On July 6, 2009, in honor of Frida Kahlo’s birthday, the National Museum of Women in the Arts launched Broad Strokes: NMWA’s Blog for the 21st Century. Today we are thrilled to celebrate 1 year of blogging about women artists, as well as Kahlo’s 103rd birthday!
Since we’re feeling nostalgic, we’re going to share a story from our first post about Kahlo’s Self-Portrait Dedicated to Leon Trotsky – one of the most prominent works in NMWA’s collection and the only Kahlo painting on view in Washington, D.C.
About the painting:
Frida Kahlo, “Self-Portrait Dedicated to Leon Trotsky”, 1937, Oil on Masonite, 30 x 24 in., Gift of the Honorable Clare Boothe Luce
Do you know the NMWA legend about the near-destruction of this masterpiece? What’s more, can you guess who was almost responsible for this horrible deed?
Mexico, 1940: two women are visiting and chatting in an artist’s studio. One is Clare Boothe Luce, prominent American diplomat and one of the first women to be elected to the U.S. Congress, and the other is the now-legendary painter, Frida Kahlo. Sitting on an easel in the studio is one of Kahlo’s most recent works, a 30 x 24 in. painting titled Self-Portrait dedicated to Leon Trotsky. In it, a traditionally-dressed Kahlo holds a letter addressed to the controversial Russian revolutionary. However, the painting is much more than a token of Kahlo’s political admiration for Trotsky, as Luce was soon to discover. A telephone ring interrupts the women’s conversation – Kahlo picks up, listens, and abruptly flies in frenzied panic. “I’m going to kill myself!” she shouts, as she picks up a knife and rushes towards the self-portrait, determined to destroy it.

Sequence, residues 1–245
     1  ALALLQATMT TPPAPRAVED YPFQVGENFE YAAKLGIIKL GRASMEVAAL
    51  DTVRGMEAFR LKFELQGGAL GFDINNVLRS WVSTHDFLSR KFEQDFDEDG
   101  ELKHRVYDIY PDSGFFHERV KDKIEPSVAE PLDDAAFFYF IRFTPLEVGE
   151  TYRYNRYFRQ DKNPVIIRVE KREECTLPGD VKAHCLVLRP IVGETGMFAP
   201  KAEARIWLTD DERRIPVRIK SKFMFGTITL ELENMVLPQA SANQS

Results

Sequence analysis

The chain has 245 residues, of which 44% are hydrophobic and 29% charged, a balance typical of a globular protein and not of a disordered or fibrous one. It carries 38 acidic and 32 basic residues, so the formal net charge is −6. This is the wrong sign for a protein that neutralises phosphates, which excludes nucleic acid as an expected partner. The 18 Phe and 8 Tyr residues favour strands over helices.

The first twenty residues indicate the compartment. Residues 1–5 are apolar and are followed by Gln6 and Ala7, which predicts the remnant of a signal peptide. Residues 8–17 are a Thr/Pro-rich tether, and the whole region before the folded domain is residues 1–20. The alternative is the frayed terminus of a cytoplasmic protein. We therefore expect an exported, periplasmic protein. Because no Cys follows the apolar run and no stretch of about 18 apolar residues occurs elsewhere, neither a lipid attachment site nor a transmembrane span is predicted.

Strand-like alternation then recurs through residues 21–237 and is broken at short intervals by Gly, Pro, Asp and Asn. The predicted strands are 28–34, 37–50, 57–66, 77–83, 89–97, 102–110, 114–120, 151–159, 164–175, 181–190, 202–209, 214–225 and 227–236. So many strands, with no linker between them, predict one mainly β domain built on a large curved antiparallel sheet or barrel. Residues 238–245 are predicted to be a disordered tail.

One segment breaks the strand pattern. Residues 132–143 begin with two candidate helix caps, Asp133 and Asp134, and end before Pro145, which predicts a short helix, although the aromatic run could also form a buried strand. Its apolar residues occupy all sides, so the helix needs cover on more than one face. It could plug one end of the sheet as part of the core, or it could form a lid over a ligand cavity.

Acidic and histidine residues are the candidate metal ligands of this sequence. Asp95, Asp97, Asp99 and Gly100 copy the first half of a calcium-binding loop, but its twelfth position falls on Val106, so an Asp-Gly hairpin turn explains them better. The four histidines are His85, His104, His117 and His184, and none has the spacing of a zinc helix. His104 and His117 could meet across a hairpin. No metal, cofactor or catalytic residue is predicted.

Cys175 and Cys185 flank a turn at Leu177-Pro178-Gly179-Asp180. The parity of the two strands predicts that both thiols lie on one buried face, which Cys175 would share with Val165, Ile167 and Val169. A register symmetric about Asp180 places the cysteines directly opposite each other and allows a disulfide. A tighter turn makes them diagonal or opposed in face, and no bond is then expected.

The news Kahlo received that day was that Trotsky had been assassinated. Trotsky and Kahlo had engaged in a short-lived love affair while he and his wife were staying in Mexico with Kahlo and her husband, Diego Rivera. The romance never fully took off; Trotsky loved his wife deeply, and the political ramifications of such a romance would have been dire for Trotsky. Instead, he and Kahlo became good friends, and Kahlo sent the self-portrait to Trotsky as a gift on November 7th – his birthday, as well as the anniversary of the Bolshevik Revolution. The painting was exhibited in New York, but eventually found its way back to Kahlo’s studio where it had been abandoned by the Trotskys when they moved out in 1939.
Terrified by Kahlo’s outburst, Luce intervened. She implored Kahlo to spare the painting and sell it to her instead. Kahlo conceded, and the portrait survived, making its way one step closer to its final home at the National Museum of Women in the Arts. Almost 50 years later in 1987, NMWA’s founder Wilhemina Holladay visited Luce at her Watergate apartment, where the frail, cancer-stricken woman calmly told her, “I’m going to die in two months. There are a few things of interest that I want you to have for your museum.” Kahlo’s self-portrait was one of these treasures. Boothe died later that year; the painting was added to NMWA’s collection in 1988 and has been the cornerstone of our museum ever since.
It’s ironic that one of NMWA’s most acclaimed works came into our collection through such a series of tragedies. Considering Frida’s tumultuous life story, however, perhaps it could be no other way. Its intriguing history adds a layer of mystique to the masterpiece, and offers us a glimpse into the passionate mind of one of the greatest artists of the last century.